Avianca TACA Lifemiles: For travelers who don’t earn many miles but still want to play the game
When Colombian/Salvadorean Avianca TACA joined the Star Alliance recently, I wasn't particularly anxious to rush and check out the frequent flier program.
But Gary Leff’s blog View from the Wing tipped me off to an exciting opportunity to purchase miles for discounted business or first-class tickets -- no flying required.
Avianca TACA Lifemiles has been offering a 100-percent bonus on purchased miles, which yields a cost per mile of US1.5 cents. Better is that if you've banked at least 40 percent of the miles required for an award ticket, you can use a “cash and points” option to buy the remaining miles you need for travel at an even cheaper rate -- at 1.275 cents apiece.
For a sense of how the math works out, let’s say you want a North America to Europe ticket in business class, which costs 100,000 miles round-trip. Assuming you find award seats available and the airline's 100-percent bonus on purchased miles promotion is in effect, you can buy the first 40,000 miles for a total of US$600.
Then, armed with your 40,000 miles, you could buy the remaining 60,000 necessary miles, which at 1.275 cents each comes out to $765.
That’s a grand total of US$1,365 for a round-trip, business-class ticket from, say, San Francisco to Paris. You might easily pay more for economy if you simply bought the ticket.
Avianca also offers one-way tickets at half the cost of a round-trip, and most partner flights can be booked online.
Note that the 100-percent bonus is usually available only to those who own an account before the promotion is announced, so I’d advise that you get yourself a Lifemiles account now, and wait for the next promotion to be announced.
British Airways Executive Club: Cheap short-haul redemptions
When British Airways changed its redemption chart and made longer flights and those requiring connections more expensive to redeem miles for, shorter flights became much cheaper.
When I want to use miles on routes under 2,500 miles, BA's Executive Club is where I look first.
Highlights include Tokyo-Hong Kong for 20,000 miles round-trip (in economy), while very short flights, such as Los Angeles-Phoenix, run 4,500 miles each way.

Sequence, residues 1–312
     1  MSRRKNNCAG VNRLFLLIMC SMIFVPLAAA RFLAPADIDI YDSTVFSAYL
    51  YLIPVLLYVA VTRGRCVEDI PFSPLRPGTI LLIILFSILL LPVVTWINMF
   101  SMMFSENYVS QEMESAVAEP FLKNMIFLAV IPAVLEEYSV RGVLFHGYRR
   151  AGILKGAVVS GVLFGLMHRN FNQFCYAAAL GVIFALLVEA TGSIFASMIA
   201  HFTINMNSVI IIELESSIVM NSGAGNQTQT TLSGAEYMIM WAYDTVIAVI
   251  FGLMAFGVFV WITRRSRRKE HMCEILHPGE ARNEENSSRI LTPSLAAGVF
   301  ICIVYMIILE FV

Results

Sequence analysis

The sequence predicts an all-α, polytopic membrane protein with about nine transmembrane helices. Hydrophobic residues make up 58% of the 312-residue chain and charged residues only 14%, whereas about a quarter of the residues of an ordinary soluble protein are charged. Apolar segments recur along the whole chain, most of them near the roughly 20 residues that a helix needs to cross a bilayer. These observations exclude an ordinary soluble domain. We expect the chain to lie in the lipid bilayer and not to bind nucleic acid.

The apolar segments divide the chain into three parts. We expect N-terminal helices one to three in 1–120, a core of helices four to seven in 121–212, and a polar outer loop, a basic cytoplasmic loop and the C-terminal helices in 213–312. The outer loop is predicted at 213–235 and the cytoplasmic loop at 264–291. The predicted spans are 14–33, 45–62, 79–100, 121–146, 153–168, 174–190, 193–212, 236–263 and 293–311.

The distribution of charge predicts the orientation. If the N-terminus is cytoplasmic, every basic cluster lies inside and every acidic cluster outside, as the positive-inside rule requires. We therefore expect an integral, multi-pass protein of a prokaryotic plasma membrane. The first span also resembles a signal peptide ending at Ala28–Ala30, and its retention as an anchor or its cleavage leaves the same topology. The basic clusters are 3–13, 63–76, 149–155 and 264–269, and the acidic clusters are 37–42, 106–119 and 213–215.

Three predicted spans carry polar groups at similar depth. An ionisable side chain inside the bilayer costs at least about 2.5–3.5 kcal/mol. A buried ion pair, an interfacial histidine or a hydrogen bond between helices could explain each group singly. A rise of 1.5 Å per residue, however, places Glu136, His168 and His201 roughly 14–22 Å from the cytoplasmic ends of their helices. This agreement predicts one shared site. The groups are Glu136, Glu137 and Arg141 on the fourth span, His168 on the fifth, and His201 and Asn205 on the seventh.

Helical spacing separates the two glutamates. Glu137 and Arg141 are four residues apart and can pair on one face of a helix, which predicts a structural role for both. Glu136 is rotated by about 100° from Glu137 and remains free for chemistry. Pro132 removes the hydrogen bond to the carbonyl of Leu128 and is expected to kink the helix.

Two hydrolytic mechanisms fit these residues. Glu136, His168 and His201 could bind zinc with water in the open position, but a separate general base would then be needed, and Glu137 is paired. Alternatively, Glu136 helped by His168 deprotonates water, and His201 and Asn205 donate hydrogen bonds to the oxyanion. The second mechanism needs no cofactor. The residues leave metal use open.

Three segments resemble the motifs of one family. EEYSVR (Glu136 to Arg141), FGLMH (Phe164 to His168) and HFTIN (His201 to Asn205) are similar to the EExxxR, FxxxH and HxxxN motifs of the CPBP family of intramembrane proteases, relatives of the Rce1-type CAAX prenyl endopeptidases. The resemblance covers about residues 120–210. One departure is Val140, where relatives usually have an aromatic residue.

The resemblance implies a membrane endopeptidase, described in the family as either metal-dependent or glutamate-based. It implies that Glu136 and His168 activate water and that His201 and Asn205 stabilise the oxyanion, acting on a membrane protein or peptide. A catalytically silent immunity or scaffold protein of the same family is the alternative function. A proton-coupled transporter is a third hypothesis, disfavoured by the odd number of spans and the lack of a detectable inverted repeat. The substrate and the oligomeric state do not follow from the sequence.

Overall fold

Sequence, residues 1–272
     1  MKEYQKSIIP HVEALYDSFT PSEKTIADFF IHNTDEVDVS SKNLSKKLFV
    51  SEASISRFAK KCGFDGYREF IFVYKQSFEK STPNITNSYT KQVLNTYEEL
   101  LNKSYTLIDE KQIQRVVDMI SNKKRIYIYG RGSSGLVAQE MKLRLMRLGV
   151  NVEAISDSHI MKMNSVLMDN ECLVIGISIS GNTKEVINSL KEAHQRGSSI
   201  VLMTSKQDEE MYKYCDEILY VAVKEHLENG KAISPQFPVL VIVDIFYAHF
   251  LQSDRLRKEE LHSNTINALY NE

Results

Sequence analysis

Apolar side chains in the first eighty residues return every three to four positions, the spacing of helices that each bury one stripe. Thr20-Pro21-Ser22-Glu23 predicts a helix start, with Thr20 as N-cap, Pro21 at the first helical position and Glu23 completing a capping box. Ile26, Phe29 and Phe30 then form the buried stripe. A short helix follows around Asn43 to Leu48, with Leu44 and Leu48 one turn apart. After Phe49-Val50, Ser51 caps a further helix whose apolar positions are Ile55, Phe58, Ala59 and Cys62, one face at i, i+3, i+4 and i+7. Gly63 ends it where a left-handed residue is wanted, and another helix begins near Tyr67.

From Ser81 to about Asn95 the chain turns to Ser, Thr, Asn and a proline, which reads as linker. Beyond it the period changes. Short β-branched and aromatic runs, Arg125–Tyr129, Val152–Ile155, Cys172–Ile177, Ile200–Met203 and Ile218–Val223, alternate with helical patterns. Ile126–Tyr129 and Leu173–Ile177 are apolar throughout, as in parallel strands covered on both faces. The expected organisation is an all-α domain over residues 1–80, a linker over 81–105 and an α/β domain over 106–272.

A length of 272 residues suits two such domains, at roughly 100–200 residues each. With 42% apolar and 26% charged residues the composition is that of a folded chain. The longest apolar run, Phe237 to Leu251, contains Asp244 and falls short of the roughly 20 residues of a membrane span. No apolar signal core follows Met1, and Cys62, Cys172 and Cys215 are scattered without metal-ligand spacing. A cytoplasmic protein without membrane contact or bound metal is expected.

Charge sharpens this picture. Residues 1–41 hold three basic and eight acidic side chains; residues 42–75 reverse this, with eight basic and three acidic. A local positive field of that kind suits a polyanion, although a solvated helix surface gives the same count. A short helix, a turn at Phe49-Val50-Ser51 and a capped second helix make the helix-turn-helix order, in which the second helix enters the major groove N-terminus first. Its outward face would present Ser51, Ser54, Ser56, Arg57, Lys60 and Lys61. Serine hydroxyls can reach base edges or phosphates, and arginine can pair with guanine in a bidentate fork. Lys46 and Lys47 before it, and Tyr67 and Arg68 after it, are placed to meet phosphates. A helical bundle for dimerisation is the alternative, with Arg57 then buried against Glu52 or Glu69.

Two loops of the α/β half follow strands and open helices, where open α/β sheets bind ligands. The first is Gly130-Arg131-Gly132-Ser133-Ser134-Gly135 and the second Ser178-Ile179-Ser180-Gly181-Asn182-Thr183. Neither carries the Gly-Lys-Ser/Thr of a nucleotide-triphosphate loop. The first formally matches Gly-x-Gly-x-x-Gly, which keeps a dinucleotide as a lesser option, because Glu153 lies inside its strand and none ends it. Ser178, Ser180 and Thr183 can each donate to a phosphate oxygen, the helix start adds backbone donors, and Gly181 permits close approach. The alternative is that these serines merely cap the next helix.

BA imposes heavy fuel surcharges on its own aircraft and on most partners, but if you stick to flights within the Americas (on partners such as American and South America’s LAN), you can generally avoid these charges.
United Airlines MileagePlus: Easy booking of award flights
United Airlines' MileagePlus is a good all-purpose Star Alliance program.
Lack of fuel surcharges on partner flights is one great aspect, as is the possibility of routing via Europe, with a stop, on a North America to Asia trip (or vice versa).
But my favorite thing about United is the excellent website that shows most Star Alliance partner flights when I'm searching for award tickets online.
Many airlines have a hard time showing partner flights, so a phone call is required to book most awards. With United, unpredictable phone interactions can mostly be avoided.
More on CNN: Why fly Delta?
Singapore Airlines KrisFlyer: Access to Singapore first and business class
Singapore Airlines' service is legendary, and for many (including myself) the carrier's premium cabins are the holy grail of mileage redemption.
Unfortunately, SIA doesn't offer many of those seats to its Star Alliance partners.
That’s where Singapore Airlines' KrisFlyer program comes in -- recently the airline has started opening up a reasonable number of first- and business-class award seats to its own members. Rates for redemption are about on par with major U.S. programs.
Either way, if your goal is to fly Singapore Airlines at the pointy end of the aircraft, it’s worth it.
Singapore is a points transfer partner with American Express in a number of countries, which makes topping up your account easy.
You don’t even have to fly to Singapore. The airline flies a number of routes outside its home airport, such as San Francisco-Hong Kong, Los Angeles-Tokyo, Houston-Moscow, New York-Frankfurt and Barcelona-São Paulo.